Before the action takes to the air, however, things begin enigmatically; as audience members take their seats, two performer feet poke out from beneath the curtain, moving occasionally, intriguingly. As the curtain to the Queensland premiere of the show (which had its world premiere at this year’s Perth Festival) rises, the character to which they belong is revealed at a costumed party scene….  a crowd of chairs amongst the kaleidoscopic colour of streamers and a masse of performers dressed in contemporary streetwear. As the dinosaur mask, helmet and crown of some come off, the party is quickly replaced by feats of balance beyond our grasp as performance stand on top of each other before falling, stunningly across the stage.

The ambitious work is also staggering in its scale, in part because of the size of its 36-person cast as Circa’s internationally-renowned ensemble joins with Circa Zoo’s ensemble of young performers and QUT dancers. And it is wonderful to see each member profiled in real time video projection as part of a series of individual straight-to-camera curtain calls interjecting a contorting performer on centre stage. It’s appropriate, too, in our current times, that the show, which is operating as Brisbane Festival’s biggest in-theatre event has, at its core, a theme of communal human spirit’s power to overcome adversity.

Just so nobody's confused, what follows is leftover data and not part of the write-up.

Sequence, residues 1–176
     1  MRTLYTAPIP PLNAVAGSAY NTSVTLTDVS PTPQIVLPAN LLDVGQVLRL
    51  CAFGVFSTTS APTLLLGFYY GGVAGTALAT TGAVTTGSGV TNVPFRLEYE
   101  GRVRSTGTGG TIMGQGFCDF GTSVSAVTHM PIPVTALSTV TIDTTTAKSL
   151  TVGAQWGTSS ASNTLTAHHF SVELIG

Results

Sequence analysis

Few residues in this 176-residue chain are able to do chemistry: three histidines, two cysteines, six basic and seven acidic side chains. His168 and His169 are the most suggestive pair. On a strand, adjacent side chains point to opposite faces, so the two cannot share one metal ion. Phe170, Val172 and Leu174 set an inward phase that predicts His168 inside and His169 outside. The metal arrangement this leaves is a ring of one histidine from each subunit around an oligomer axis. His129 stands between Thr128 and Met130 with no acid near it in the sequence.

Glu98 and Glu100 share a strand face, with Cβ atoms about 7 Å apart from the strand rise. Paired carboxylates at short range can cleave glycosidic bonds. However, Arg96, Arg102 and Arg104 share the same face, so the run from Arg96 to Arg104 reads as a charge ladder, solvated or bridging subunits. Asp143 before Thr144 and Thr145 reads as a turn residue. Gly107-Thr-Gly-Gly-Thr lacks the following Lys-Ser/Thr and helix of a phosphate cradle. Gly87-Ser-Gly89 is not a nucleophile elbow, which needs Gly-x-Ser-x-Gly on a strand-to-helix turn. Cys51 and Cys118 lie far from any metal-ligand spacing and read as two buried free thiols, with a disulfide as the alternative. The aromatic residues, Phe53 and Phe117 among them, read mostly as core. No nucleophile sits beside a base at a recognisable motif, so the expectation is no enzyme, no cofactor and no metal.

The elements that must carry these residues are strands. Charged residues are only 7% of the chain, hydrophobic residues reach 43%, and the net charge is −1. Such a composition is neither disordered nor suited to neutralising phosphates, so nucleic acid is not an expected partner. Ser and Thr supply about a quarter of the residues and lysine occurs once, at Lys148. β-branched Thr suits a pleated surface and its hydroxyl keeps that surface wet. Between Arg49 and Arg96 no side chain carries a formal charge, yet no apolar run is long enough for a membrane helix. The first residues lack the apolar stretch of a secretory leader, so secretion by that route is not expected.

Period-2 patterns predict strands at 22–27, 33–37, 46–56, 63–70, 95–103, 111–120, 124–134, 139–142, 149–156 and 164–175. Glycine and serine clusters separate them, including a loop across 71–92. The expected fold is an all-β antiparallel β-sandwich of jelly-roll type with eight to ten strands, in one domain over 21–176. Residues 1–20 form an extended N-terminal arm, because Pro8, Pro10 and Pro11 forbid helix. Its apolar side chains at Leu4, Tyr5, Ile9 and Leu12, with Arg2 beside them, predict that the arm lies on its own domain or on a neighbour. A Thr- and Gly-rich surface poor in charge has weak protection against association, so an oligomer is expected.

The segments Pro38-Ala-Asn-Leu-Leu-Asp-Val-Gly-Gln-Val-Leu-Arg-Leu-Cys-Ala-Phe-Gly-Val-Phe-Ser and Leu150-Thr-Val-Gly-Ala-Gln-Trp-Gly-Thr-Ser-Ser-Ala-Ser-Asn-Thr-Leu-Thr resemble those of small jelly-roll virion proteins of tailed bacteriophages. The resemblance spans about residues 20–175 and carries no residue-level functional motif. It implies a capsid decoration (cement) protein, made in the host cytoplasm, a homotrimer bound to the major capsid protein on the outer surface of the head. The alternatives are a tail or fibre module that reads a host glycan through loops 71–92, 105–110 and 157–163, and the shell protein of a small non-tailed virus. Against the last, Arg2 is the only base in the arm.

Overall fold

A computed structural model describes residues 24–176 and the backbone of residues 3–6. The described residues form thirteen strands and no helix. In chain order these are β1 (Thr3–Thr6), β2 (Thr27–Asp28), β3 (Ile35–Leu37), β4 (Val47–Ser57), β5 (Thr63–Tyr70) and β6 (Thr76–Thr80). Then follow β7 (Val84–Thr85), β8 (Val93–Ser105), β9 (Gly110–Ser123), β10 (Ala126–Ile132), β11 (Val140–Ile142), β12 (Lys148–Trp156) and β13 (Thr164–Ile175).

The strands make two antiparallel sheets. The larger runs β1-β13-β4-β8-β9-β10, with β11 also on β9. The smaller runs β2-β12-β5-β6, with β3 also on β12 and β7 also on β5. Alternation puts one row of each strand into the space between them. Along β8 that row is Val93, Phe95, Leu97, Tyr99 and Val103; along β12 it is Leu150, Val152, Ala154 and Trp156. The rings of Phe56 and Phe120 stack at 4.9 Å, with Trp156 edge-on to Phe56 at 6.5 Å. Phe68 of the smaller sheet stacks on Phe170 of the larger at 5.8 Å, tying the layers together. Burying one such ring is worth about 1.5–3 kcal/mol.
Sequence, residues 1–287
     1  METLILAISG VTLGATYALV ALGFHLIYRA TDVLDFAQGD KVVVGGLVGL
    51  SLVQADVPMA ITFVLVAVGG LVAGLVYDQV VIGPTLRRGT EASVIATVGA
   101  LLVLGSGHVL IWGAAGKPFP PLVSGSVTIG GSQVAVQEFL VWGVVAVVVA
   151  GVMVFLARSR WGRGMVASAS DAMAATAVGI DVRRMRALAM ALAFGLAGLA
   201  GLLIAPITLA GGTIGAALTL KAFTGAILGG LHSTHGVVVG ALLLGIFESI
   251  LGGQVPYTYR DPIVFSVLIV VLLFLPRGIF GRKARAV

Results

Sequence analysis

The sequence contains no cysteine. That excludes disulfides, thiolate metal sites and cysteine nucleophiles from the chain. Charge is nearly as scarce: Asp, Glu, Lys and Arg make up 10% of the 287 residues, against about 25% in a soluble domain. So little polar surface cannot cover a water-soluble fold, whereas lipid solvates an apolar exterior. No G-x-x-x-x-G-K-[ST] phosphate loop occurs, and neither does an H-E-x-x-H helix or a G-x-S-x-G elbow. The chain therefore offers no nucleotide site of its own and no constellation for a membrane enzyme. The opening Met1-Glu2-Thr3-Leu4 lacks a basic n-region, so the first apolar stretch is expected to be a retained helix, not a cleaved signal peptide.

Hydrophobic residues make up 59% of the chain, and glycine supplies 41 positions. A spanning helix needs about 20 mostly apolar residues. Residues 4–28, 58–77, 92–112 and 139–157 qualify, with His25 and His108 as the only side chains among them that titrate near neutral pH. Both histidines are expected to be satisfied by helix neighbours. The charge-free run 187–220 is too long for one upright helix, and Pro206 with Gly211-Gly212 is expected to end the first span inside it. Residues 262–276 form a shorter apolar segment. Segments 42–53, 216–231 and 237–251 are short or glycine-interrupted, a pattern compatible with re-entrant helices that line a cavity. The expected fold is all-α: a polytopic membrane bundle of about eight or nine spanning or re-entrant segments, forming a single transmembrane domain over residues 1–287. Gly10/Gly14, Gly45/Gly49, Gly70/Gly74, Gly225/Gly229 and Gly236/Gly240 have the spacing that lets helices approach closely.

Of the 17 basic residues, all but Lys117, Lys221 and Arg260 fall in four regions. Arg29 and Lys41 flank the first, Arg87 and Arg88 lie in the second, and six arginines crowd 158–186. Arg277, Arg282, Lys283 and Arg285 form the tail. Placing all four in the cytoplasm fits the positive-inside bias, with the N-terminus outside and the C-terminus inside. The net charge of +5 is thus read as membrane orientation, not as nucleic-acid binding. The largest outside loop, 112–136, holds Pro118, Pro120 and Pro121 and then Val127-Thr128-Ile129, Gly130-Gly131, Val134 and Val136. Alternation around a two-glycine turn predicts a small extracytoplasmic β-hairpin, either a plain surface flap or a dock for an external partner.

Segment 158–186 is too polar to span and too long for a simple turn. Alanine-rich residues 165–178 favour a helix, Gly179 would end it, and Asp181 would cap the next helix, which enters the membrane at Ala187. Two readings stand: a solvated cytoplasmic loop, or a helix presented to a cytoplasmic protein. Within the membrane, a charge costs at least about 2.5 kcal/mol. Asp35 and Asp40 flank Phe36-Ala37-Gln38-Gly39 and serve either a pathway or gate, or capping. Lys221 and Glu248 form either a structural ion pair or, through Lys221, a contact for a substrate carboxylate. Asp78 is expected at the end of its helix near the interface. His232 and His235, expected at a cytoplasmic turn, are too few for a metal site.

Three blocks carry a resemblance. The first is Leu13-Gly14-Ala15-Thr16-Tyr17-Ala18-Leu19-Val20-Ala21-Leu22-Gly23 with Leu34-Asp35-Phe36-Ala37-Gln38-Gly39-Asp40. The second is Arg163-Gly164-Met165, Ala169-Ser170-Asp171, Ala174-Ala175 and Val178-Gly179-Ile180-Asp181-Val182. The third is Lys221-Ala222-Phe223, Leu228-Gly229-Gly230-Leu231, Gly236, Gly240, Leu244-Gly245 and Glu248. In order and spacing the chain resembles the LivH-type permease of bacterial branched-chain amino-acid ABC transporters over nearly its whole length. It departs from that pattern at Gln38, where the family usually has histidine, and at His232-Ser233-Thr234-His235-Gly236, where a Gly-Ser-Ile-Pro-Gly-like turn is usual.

In its exploration of the ordinary, extraordinary mass of humanity, early scenes see ensemble members swarm and creak across the aerial grid as if in a giant game of The Floor is Lava.  Community is clearly at the core of director Yaron Lifschitz’s vision, derived from the work of 17th century philosopher Thomas Hobbes, who wrote in his book “Leviathan” about the idea of a ‘social contract’ between leaders and communities. Accordingly, the work certainly both explores the tensions between individual freedom and responsibility, and celebrates the power of togetherness. We see extraordinary individual feats of determined strength morphing into instances of mass persistence, emphasised, at one point by on-loop crowd footage.